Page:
Why this latest cloud security incident highlights the need to eliminate misconfigurations and understand the ‘shared responsibility’ cloud security model.
This week’s news of the data breach at financial services company Capital One has generated several high-profile articles discussing the state of security in the cloud. As a result, I wanted to look a little closer at the details of the incident and see what conclusions and recommendations could be drawn from it.
The criminal complaint made against the individual charged with causing the breach gives some useful information. It states that a ‘firewall misconfiguration’ left one of Capital One’s cloud servers vulnerable, allowing the hacker to send commands that gave access to sensitive data.
However, in its press release about the breach, Capital One stated that: “This type of vulnerability is not specific to the cloud. The elements of infrastructure involved are common to both cloud and on-premises data center environments.” Amazon Web Services (AWS), the cloud service used by Capital One, confirmed that no AWS infrastructure or services were compromised.
So it isn’t cloud security that’s being called into question here. But it does highlight the complexity of securing complex cloud infrastructures, which have many moving parts and rapidly change according to business need. It’s important to remember that despite the security measures offered by the cloud provider, cloud servers and resources are much more exposed to risk than physical, on-premise servers.
If you make a mistake when configuring security for an on-premise server, it is still likely to be protected by other security measures (such as the main corporate network gateway). But when you provision a server in the public cloud, it’s designed to be accessible from any computer, anywhere in the world. Apart from a password, it might not have any other default protections in place. As such, it’s up to customers to deploy the appropriate security controls to protect the cloud servers they are using, and the relevant applications and data.
So enterprise security teams need to establish perimeters, define security policies and implement controls to manage connectivity to those cloud servers and protect data in the cloud. These requirements across both on-premise and cloud environments add significant complexity to security management, demanding that teams use multiple different tools to make network changes and enforce security.
Doing this manually using different consoles means that there’s a very real risk of misconfigurations introducing security holes, or causing application outages. And of course, teams will also need a logging capability to record actions for management and audits, to get a comprehensive record of what changes were made and who made them.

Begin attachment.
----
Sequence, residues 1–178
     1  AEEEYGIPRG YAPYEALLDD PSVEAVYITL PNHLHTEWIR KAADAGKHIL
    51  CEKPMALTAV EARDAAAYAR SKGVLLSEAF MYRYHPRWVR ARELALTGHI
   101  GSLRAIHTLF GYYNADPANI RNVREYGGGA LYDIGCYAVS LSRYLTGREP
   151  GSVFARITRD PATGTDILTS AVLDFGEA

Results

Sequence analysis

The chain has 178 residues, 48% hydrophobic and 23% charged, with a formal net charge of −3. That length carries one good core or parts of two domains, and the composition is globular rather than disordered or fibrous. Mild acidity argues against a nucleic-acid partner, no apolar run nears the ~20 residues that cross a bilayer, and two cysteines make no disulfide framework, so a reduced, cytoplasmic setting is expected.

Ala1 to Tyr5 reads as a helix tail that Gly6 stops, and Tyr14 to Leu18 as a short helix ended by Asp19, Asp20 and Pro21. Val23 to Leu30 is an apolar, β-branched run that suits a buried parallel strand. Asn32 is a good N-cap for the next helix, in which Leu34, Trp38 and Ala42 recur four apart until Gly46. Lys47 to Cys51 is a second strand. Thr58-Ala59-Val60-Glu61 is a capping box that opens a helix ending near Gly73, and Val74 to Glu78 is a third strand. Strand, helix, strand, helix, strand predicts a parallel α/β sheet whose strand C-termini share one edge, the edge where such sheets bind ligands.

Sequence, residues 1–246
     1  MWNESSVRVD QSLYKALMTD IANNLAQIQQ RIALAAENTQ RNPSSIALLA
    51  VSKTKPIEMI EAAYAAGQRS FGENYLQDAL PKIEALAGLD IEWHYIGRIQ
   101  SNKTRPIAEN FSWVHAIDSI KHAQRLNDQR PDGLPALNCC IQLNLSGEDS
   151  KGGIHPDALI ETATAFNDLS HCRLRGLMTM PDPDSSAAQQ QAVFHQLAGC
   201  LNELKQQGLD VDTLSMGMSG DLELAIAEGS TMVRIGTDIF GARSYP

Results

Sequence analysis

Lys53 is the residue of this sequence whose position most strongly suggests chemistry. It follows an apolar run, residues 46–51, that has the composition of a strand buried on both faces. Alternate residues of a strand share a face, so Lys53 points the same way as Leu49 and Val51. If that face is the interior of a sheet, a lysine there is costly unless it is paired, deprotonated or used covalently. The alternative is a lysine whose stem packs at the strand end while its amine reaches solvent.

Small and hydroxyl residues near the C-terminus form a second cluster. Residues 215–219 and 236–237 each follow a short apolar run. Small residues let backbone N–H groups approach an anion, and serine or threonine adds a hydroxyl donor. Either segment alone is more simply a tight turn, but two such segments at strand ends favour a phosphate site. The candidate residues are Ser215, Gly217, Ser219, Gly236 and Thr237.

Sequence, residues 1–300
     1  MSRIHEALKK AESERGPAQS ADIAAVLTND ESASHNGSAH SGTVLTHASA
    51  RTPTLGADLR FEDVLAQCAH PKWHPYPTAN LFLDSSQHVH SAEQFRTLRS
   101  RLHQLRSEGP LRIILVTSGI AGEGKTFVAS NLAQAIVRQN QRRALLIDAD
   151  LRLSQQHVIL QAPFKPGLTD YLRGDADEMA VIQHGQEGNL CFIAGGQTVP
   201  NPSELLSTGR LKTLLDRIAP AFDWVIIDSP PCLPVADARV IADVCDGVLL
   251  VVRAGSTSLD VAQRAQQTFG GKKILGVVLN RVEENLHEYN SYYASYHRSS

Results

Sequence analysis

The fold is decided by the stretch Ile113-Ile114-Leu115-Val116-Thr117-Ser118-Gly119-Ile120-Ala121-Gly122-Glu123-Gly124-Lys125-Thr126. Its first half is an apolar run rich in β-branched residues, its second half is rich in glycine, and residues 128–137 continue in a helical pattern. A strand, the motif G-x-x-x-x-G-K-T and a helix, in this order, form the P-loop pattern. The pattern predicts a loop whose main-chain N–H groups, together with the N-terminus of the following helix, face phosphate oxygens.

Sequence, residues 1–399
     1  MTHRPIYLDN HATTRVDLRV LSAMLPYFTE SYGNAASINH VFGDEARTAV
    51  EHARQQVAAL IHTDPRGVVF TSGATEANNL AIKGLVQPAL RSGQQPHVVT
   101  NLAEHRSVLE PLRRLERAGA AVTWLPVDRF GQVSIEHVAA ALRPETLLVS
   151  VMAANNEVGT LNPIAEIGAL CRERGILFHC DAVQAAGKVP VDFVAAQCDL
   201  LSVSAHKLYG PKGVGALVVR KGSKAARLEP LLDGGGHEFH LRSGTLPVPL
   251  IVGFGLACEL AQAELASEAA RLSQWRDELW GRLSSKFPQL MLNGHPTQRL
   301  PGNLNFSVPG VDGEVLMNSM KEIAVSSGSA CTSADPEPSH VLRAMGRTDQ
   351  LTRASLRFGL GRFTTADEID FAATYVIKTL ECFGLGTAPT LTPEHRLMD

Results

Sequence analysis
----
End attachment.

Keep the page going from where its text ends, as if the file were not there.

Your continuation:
The breach also raises once again the issues around the ‘shared responsibility’ cloud security model. This means the cloud provider updates, patches and secures their infrastructure, and the customer is responsible for protecting what they run in that cloud infrastructure.
As we noted in a recent blog, this model is similar to the way an auto manufacturer installs locks and alarms in its cars: the security features only offer protection if the vehicle owner actually uses them. The bonus for using those controls, and ensuring that applications and data are protected rests entirely on the customer. So how do security teams integrate the management of those controls with their existing on-premise estate?
Using a network security management solution will greatly simplify all of these processes, enabling teams to have visibility of their entire network, and to make changes seamlessly and consistently across public clouds and on-premise networks from a single console.
The solution’s network simulation capabilities can be used to answer questions such as: ‘is my application server secure?’, or ‘is the traffic between these workloads protected by security gateways?’ It can also quickly identify issues that might block an application’s connectivity (such as incorrect routes, or misconfigured or missing security rules) and then plan how to correct the connectivity issue across the relevant security controls (both cloud and on-premise), eliminating human error. The solution also keeps an audit trail of every change for compliance reporting.
This enables automatic identification of any configuration errors in the cloud, so they can be swiftly remedied – as Capital One was able to do in this case. The solution can also be linked to SIEM and other monitoring tools, to quickly flag up any anomalies or threats to business applications, whether they are accidental errors, or the result of malicious activity, so they can be quickly addressed.
In conclusion, this incident should not be used to argue that the public cloud is insecure. Instead, it highlights the need for centralized management and control over security, to remove the risk of misconfigurations, and to enable a rapid response to any type of eventuality. With the right approach to security automation, that control is easy to achieve.
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